June 16, 2002
June 16, 2002
June 19, 2002
7.1078.1 - 7.1078.6
Main Menu Session 2139
Teaching Engineers to Handle Uncertainty
Heather Nachtmann, Amber Lehrman University of Arkansas / The Pennsylvania State University
One of the greatest challenges in engineering education is preparing students to handle the realities of their post-graduate workplace including challenges such as dealing with uncertainty and estimating data. This paper discusses the importance of educating engineering students to handle uncertainty and providing them with the appropriate tools to do so. Ongoing research is being conducted to develop educational materials to educate engineering students about the effects of uncertainty and how to handle uncertain data. The research plan is presented along with a literature review in this area.
Several panel reports in the early 1990s claimed that undergraduate engineers lacked the ability to succeed in the real world (Bordogna, et al., 1993; ASEE, 1994; National Science Foundation, 1995; National Research Council, 1995). Around the same time, Condoor, et al. (1992) reported that students tended to primarily use subjective judgment in decision making as opposed to analytical techniques. The research project discussed in this paper addresses both of these concerns. The objectives of this research are twofold: 1) to assess the current state of engineering student abilities to estimate uncertain data parameters and 2) to educate undergraduate and graduate students in handling estimation uncertainty in the decision making process. These objectives will be met through pedagogical analysis, classroom instruction, and materials development. The primary researcher has experience in several prior engineering education research projects in the areas of design (Atman, et al., 1999), economy (Hartman, et al., 2001; Needy, et al., 2000b; Nachtmann, et al., 1999; Lavelle, et al., 1997), and management (Needy, et al., 2000a).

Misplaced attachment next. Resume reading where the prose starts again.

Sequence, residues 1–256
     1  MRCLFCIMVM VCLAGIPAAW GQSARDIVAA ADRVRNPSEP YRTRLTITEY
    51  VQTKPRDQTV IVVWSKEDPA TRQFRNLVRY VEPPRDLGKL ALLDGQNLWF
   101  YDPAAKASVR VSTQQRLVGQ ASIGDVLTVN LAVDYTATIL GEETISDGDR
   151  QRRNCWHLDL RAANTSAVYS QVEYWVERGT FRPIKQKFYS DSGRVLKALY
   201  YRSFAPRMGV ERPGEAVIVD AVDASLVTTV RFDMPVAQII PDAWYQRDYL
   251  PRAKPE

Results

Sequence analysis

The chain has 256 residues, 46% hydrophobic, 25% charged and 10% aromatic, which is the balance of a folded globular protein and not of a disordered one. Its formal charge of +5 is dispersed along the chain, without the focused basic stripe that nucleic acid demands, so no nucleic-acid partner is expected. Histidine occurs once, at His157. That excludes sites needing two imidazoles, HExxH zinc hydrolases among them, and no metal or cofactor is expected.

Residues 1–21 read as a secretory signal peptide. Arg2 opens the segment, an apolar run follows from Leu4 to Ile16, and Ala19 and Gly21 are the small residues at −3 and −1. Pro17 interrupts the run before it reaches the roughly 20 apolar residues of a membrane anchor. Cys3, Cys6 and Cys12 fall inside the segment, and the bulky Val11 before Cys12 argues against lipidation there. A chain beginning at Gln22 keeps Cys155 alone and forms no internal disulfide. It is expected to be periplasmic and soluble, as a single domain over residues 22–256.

It has been recognized that one of the greatest challenges in education is to prepare students for the practical realities of their post graduation workplace (Shepard and Cosgriff, 1998). One specific challenge is to provide engineering students with the tools to handle uncertainty (Goyal, et al, 1997) and perform data estimation tasks that they will be faced with during their careers. Almost twenty-five years ago, it was recognized that the notion of risk and uncertainty inherent in real world business was not handled very effectively in education (Moore, 1997). In spite of this criticism, academia has failed to make tremendous strides in this area. Goyal, et al. (1997) believe that courses traditionally tasked with educating students in handling uncertainty do not provide students with sufficient tools for doing so. These courses, such as engineering economy, often present conditions that demand students accept input data as given so that solution methodology rather than data modeling is emphasized. Goyal, et al. (1997) argue that uncertainty and risk must be incorporated into engineering economy courses from the beginning in order to prepare students for real world situations that are fraught with both.
Proceedings of the 2002 American Society for Engineering Education Annual Conference & Exposition Copyright Ó 2002, American Society for Engineering Education
Lehrman, A., & Nachtmann, H. (2002, June), Teaching Engineers To Handle Uncertainty Paper presented at 2002 Annual Conference, Montreal, Canada. 10.18260/1-2--10065
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